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01/31/90 STATE UTAH v. PHILLIP FREDERICK COX

January 31, 1990

STATE OF UTAH, PLAINTIFF AND RESPONDENT,
v.
PHILLIP FREDERICK COX, DEFENDANT AND APPELLANT



Seventh District, Emery County, The Honorable Boyd Bunnell.

Richard C. Davidson, Judge, Regnal W. Garff, Judge, concurs. Norman H. Jackson, Judge, Dissents.

The opinion of the court was delivered by: Davidson

FACTS. - A woman reported that Cox forced her to have sexual intercourse with him. After he was charged, two other women reported rapes by Cox.

RICHARD C. DAVIDSON, Judge:

Defendant Phillip Frederick Cox was convicted by a jury of rape. He argues on appeal that the trial court erred by admitting evidence of alleged prior unprosecuted sexual assaults. He also argues that the trial court should have admitted evidence concerning the victim's reputation in the community for chastity. We reverse.

In the early morning hours of July 16, 1987, defendant went to the victim's home in Ferron, Utah, and committed the alleged rape. The victim reported the incident to the Emery County Sheriff's Office later that day.

During the course of investigation, the victim reported a prior act of nonconsensual intercourse that occurred between defendant and the victim on June 26, 1987. *fn1 Later, two other women in the community reported that they were sexually assaulted by defendant in 1985. These incidents were reported to police after it was learned that charges were pending against defendant. Over defendant's objection, both women testified at trial about the 1985 incidents and the victim testified about the June 26, 1987, incident.

PRIOR BAD ACTS

Defendant first argues that the 1985 incidents were unrelated to the July 1987 rape and were introduced simply to demonstrate defendant's bad character. The State argues that the testimony of both women was properly admitted to show defendant's intent, motive, plan, or knowledge. Defendant and the State rely on Utah R. Evid. 404(b) which provides as follows:

Evidence of other crimes, wrongs or acts is not admissible to prove the character of a person in order to show that he acted in conformity therewith. It may, however, be admissible for other purposes, such as proof of motive, opportunity, intent, preparation, plan, knowledge, identity, or absence of mistake or accident.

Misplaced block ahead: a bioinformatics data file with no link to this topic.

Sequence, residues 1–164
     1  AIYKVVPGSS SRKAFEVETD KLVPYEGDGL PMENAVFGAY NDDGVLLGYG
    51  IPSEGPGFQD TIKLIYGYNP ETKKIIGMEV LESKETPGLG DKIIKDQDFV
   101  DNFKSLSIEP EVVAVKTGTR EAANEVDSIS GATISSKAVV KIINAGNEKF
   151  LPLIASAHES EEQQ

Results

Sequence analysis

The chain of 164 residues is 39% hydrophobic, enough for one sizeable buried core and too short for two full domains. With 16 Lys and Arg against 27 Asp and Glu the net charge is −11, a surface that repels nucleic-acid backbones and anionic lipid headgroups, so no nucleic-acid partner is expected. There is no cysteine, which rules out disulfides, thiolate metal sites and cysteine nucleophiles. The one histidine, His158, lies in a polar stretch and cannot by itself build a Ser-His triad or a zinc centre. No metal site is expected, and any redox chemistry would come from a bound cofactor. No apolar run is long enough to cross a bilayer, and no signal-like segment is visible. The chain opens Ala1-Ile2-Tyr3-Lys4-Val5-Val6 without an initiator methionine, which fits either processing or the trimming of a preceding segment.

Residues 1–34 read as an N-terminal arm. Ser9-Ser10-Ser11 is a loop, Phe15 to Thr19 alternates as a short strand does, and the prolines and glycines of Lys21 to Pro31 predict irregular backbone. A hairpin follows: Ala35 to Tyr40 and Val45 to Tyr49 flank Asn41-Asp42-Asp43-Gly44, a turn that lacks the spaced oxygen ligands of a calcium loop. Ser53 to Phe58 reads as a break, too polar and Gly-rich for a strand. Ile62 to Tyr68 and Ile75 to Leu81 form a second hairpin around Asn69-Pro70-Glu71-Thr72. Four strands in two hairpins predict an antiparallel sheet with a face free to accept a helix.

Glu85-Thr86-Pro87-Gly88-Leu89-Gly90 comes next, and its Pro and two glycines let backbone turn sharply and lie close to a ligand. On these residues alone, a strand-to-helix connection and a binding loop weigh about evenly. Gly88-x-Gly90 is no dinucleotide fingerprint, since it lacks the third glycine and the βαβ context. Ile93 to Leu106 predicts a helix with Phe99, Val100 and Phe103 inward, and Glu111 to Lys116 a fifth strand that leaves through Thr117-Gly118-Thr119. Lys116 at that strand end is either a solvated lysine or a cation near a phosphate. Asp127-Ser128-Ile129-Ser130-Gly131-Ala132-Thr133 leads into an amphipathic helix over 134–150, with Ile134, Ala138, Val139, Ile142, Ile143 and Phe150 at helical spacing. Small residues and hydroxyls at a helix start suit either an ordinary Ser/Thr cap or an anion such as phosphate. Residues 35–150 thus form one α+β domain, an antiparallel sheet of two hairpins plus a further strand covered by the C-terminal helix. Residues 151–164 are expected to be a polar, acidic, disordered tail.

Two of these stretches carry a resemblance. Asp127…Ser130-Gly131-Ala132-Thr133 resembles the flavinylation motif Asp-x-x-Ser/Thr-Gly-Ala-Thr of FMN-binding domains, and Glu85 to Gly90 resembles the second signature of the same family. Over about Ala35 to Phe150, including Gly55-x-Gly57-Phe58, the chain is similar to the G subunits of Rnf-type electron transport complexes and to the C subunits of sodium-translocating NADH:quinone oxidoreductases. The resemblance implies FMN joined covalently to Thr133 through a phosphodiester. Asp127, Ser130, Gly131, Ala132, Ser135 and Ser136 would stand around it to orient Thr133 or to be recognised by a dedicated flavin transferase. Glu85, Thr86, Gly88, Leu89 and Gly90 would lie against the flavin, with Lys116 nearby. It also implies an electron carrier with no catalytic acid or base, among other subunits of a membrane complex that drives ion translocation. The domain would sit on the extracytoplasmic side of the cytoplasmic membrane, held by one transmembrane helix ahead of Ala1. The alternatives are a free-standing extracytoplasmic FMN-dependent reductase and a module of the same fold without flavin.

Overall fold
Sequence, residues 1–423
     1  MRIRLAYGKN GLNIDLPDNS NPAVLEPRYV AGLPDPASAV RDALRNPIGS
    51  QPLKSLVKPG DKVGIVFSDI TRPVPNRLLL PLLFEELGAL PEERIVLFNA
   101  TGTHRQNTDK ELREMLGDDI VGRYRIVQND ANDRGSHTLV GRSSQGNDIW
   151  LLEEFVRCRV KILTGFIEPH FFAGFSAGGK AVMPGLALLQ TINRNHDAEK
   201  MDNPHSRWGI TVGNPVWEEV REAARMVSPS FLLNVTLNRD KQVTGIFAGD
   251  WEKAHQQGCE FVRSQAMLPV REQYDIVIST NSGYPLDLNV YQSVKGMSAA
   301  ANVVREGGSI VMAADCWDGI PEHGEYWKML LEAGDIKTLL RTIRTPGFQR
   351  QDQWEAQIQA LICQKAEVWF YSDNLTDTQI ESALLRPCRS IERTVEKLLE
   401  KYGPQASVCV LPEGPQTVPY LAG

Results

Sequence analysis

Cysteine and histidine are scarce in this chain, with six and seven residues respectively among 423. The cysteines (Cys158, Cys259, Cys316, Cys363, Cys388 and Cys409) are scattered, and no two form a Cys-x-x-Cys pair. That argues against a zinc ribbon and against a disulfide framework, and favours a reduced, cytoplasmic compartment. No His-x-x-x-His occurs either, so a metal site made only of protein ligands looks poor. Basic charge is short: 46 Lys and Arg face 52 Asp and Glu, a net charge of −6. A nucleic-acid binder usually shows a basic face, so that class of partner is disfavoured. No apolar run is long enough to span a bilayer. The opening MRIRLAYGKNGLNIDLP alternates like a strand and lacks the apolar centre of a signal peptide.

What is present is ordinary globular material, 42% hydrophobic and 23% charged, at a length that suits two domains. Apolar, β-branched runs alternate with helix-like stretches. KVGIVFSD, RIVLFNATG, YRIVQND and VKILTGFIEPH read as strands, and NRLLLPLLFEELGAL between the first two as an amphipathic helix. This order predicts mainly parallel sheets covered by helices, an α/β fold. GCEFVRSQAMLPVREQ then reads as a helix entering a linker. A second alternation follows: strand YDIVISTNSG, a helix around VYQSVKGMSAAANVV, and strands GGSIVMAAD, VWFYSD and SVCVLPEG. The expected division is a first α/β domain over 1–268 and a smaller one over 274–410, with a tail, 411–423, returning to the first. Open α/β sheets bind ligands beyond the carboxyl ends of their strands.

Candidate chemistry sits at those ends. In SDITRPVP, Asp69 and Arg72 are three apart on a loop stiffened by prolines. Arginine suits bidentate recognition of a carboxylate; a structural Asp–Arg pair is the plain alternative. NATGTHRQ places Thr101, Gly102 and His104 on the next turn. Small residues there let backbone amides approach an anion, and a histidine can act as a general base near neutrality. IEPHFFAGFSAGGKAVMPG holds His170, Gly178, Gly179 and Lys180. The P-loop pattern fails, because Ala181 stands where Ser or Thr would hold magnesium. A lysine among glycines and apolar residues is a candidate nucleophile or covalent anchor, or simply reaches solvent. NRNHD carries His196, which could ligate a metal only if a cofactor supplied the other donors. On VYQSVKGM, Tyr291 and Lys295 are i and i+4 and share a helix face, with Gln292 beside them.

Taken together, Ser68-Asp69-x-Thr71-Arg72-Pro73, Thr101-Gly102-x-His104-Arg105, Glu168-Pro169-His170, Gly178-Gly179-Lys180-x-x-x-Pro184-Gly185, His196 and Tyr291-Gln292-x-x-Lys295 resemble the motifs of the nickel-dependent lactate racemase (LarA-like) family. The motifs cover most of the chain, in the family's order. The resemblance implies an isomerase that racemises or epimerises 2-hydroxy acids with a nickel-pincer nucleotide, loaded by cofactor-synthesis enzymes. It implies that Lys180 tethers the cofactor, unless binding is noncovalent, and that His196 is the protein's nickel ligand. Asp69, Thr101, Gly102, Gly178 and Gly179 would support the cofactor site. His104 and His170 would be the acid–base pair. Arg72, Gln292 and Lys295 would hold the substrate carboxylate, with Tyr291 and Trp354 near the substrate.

Evidence of prior bad acts is admissible at trial provided it has "a special relevance to a controverted issue and is introduced for a purpose other than to show the defendant's preDisposition to criminality." State v. Featherson, 781 P.2d 424, 426 (Utah 1989) (quoting State v. Shickles, 760 P.2d 291, 295 (Utah 1988)). When prior bad act evidence establishes a constitutive element of the crime and is directly probative of a disputed issue it may be admissible even if it tends to prove that defendant has committed other crimes. Id. See also State v. Gotschall, 782 P.2d 459, 462-63 (Utah 1989) (admission of defendant's threatening remarks made several hours before killing relevant to show defendant's state of mind); Shickles, 760 P.2d at 295-96 (evidence of defendant's sexual assaults performed on child victim admissible in kidnapping trial when defendant had prior trusting relationship with victim's family and intent to kidnap was hotly contested issue); State v. Johnson, 748 P.2d 1069, 1075 (Utah 1987) (evidence of other forgery acts relevant and probative when defendant's identity is at issue).

Even if evidence of other crimes has relevance beyond proving mere criminal Disposition, it is still subject to the protections of Utah R. Evid. 403. Featherson, 781 P.2d at 426. Rule 403 provides in pertinent part:

Although relevant, evidence may be excluded if its probative value is substantially outweighed by the danger of unfair prejudice, confusion of the issues, or misleading the jury....

The court must balance the probative value of such evidence against the danger of unfair prejudice. In applying the rule 403 balancing test, the court may consider such things as "the similarities between the crimes, the interval of time that has elapsed between the crimes, the need for the evidence, the efficacy of alternative proof, and the degree to which the evidence probably will rouse the jury to overmastering ...


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